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In more theaters soon: science and cinema

Grant lets Coolidge Corner’s idea grow

The Coolidge Corner Theatre has paired talks by scientific experts with films since 2005. The Coolidge Corner Theatre has paired talks by scientific experts with films since 2005. (Matthew J. Lee/Globe Staff)
By Beth Teitell
Globe Staff / January 17, 2012
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The director of MIT’s Center for Theoretical Physics does not usually prepare for a lecture by watching a Keanu Reeves film. Then again, he doesn’t usually speak about “Bill & Ted’s Excellent Adventure.’’

But unusual preparation is required for Edward Farhi’s Jan. 30 talk at the Coolidge Corner Theatre as part of its Science on Screen series. The independent Brookline movie house will show the 1989 film about two slackers who go back in history, and Farhi will discuss the feasibility of time travel.

“The laws of physics allow it,’’ the professor said in a preview, “but the movie isn’t technically accurate. You can go forward in time, but not backward.’’

The Coolidge has been pairing talks by scientific experts with films since 2005 - and now the theater is poised to have its own starring moment. With the Alfred P. Sloan Foundation, it will announce a two-year, $463,426 grant to continue expanding its science series nationally.

The grant to the Coolidge comes at a time when getting people to leave their homes to see a movie can be a challenge - and as science and technology play an increasingly larger role in daily life, said Doron Weber, vice president of programs at the Sloan Foundation.

“It’s an effort to give people a deeper understanding of the way the world works,’’ he said. “Sometimes science and technology can be intimidating, but it’s not like some aliens came down and imposed science and technology on us. It’s us.’’

The Coolidge and the New York-based foundation will select 20 independent nonprofit cinemas in 2012 and another 20 in 2013 to receive $7,000 grants to develop their own Science on Screen programs.

Last year, through a pilot grant, eight art house theaters were awarded grants to bring Science on Screen to their communities.

Winners decide how to spend the grant money, but common costs include renting films, staff time, promotion and advertising, or speaker honoraria.

Recipients will be required to host at least three Science on Screen programs, and one movie must feature a past recipient of the Alfred P. Sloan Foundation Feature Film Prize or a Sloan Screenplay Development grant.

“This program is not about overloading you with knowledge,’’ Weber said. “It’s about stimulating you. It’s not homework. It’s recess. It’s meant to be fun.’’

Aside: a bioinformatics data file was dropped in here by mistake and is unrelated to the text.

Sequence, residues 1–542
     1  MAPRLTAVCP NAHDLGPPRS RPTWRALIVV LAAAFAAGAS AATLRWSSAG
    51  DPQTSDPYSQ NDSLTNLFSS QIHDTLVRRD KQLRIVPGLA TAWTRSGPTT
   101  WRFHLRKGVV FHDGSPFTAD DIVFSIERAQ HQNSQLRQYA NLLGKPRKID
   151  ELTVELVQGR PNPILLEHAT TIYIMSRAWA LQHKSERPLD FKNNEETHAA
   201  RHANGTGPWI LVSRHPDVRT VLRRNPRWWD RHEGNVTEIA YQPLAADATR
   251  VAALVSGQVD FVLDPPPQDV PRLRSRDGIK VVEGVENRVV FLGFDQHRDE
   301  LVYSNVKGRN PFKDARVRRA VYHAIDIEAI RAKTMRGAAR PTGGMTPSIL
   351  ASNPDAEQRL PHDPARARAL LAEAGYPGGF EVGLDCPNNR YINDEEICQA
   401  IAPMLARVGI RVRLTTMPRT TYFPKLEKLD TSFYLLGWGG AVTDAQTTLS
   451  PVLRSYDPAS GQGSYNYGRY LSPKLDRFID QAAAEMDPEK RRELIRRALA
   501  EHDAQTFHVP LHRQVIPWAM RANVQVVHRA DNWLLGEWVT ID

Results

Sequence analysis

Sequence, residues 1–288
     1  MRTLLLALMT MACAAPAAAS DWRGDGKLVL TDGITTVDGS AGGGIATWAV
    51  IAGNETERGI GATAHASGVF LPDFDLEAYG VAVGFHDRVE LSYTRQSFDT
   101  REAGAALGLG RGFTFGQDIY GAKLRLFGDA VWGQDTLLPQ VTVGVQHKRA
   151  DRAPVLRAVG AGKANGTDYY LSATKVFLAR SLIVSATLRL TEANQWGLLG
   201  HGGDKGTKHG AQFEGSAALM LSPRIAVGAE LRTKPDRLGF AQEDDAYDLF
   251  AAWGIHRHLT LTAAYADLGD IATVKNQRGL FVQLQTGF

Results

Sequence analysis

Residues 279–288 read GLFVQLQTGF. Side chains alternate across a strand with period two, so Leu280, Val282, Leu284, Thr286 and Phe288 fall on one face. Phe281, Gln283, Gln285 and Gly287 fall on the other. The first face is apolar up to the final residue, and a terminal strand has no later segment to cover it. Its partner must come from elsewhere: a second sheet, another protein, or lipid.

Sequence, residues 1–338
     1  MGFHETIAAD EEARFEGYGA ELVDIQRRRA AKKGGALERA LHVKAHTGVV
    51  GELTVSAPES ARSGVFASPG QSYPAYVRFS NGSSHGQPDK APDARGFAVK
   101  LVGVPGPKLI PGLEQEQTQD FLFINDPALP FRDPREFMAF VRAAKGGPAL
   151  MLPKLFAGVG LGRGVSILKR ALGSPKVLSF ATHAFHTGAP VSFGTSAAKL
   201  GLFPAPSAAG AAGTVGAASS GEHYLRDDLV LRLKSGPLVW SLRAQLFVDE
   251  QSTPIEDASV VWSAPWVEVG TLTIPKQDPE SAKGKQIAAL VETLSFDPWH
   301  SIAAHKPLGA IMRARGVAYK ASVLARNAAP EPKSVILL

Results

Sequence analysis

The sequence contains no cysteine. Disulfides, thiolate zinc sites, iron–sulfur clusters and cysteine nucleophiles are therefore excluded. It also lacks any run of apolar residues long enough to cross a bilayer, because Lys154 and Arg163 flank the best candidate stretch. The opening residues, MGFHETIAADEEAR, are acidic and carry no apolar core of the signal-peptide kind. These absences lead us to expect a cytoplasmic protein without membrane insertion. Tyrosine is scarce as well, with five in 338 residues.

And what fun it’s been. Audiences have heard Harvard psychologist Daniel Gilbert, author of “Stumbling on Happiness,’’ talk about the nature of happiness before watching “American Beauty,’’ the 1999 film about a depressed suburban father.

A state epidemiologist discussed science’s ability to handle new biological threats, an issue brought up by the 1971 film “The Andromeda Strain.’’ The executive director of the Harvard Stem Cell Institute discussed advances in stem cell research in conjunction with “Sleeper,’’ the 1973 movie in which Woody Allen plays a health food store owner who ends up being frozen after an ulcer operation and wakes up 200 years later.

Moviegoer Rachel Greene, 29, a marketing executive from Brookline, said hearing a biologist talk about animal mobbing behavior before watching “The Birds’’ gave her an appreciation she would not have otherwise had for the 1963 Alfred Hitchcock film.

“When you are watching the movie you are thinking about the way that birds really do flock and it’s not complete science fiction,’’ she said. “You are kind of laughing because it’s an old movie, and it’s kind of ridiculous, but it still makes you think that this isn’t a completely unbelievable notion.’’

Aimee DuPont, 34, a tech support specialist from Worcester, heard Carl Zimmer, the award-winning science writer, talk about “12 Monkeys,’’ Terry Gilliam’s 1995 film about a future world ravaged by a virus outbreak. “I didn’t know viruses could be so interesting,’’ she said.

Attendees aren’t the only ones who are interested in the series, which gets promotional support from the Museum of Science. The scientists like it, too, said Richard Anders, a Brookline scientist and film buff who helped conceive the program and provided seed funding.

“You might have difficulty getting world-class scientists to come out during the week to speak to a lay audience’’ said Anders, co-managing director of Rubin/Anders Scientific and founder of Mass Medical Angels, an investor group, “but when you give them a chance to connect their work to the movies, it’s a new experience for them.’’

Steven Schlozman, an assistant professor of psychiatry at Harvard Medical School, loved talking about the theoretical neurobiology of zombies in conjunction with a screening of the 1968cult favorite “Night of the Living Dead.’’

In preparation for the 2009 talk, Schlozman wrote a fake medical paper for himself, and at the Coolidge discussed explanations for zombies’ signature behavior traits.

“Why are they always hungry? It could be a tapeworm, but if we’re talking the brain, then the hypothalamus must be messed up in zombies. Why are they not walking well? Their cerebellum must be off.’’

The talk led to a friendship with George A. Romero, the zombie film director, and a novel, “The Zombie Autopsies,’’ which Romero is making into a movie.

With its grants, the Sloan Foundation hopes to broaden people’s interests, but in at least one case, it was the speaker who had his universe expanded.

“I don’t think I’d be exaggerating to say [the talk] changed my life,’’ Schlozman said.

Beth Teitell can be reached at Follow her on Twitter @bethteitell.

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